5 reasons your marketing plan is worthless
Wednesday, June 12, 2013 Categories: Marketing
After surveying 400 companies, CMG Partners and Chadwick Martin Bailey found the companies who practice marketing performance management often report superior business results. What exactly is marketing performance management? It is the practice of measuring, learning from, and improving upon marketing strategies and tactics.
Do you practice marketing performance management? Do you have a marketing strategy? Is it working for you?
It’s possible that your marketing plan is absolutely worthless. How? You may need to rethink your marketing strategy if any of these five mistakes sound familiar.
1. Lacks mobile tactics
Most men would rather eat worms than go shopping. Most women will do research before shopping. So, if you’re a B2C brand, why not create a mobile app that makes researching and buying your products a breeze? If you’re B2B, you could provide content in mobile-friendly formats so researching your brand from an airport is painless – maybe even enjoyable. We are living in mobile times, so start budgeting for it!
2. Shines in only one area
An organization recently came to us for strategic planning help. What were they missing besides marketing personnel? A full marketing strategy. What they had in place was strong messaging, and they were implementing that messaging across all channels. But where was the research, analysis and positioning; target audience, objectives and goals; strategic marketing mix; and finally, the evaluation and monitoring? How do you know how to execute without a budget? These elements are essential to a successful marketing plan. Don’t put the cart before the horse.
3. Misses a big-spending demographic
Who could you be targeting that you are not currently reaching? Men, women, Millennials or Baby Boomers? In 2005, Oakley launched its introductory line of sportswear and sunglasses for women. For five years, their team neglected a huge opportunity to market their women’s apparel to women. Someone finally let them in on the secret of why their women’s apparel sales was a stagnate 10% of overall revenue. (Shocker!) Then in 2010, Oakley launched its first women-targeted ad campaign, started an education program called “Women Speak,” and hired more women in leadership positions.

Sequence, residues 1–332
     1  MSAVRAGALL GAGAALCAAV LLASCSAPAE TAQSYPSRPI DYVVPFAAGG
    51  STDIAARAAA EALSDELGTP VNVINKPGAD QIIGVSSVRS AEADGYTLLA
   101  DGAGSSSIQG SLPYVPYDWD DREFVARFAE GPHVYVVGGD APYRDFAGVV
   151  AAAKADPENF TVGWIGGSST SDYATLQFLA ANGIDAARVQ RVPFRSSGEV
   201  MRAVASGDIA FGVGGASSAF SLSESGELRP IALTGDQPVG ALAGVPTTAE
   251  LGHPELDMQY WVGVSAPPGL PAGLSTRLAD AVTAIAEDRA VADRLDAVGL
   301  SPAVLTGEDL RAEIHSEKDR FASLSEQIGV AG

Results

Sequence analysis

4. Lacks a viable position
Positioning isn’t just what sets you apart. It’s what makes your brand, your brand. You claim that position and then you build on it, like the early settlers did under the Homestead Act of 1862. A settler would claim his plot, build on it, work the soil and after 6 months would be given the title. When the transcontinental railroad was completed in 1869, did the settlers abandon their position because of fear of change, rush of immigrants and the threat of competition? No, they had claim on their “position” and continued to work it. They embraced the railroad and the change it brought, and they began to thrive.
5. Leaves out measurement
In that same study by CMG Partners and Chadwick Martin Bailey, 75% of the survey participants said they are “highly interested in marketing performance.” However, less than 25% of the participants reported they are “excelling at measuring and improving their marketing performance.” Furthermore, only ¼ of the participants integrated measurement into their marketing planning. In my head, I’m asking “how can you know if your marketing is performing if you aren’t tracking, measuring and analyzing?” You won’t. In your marketing strategy, you must set very clear goals with measurable desired results. Write out how you will measure your campaigns and then set about doing it.
Take these five common mistakes to heart. Assess your marketing strategy. Don’t be the one missing revenue because you didn’t take time to do the strategic planning.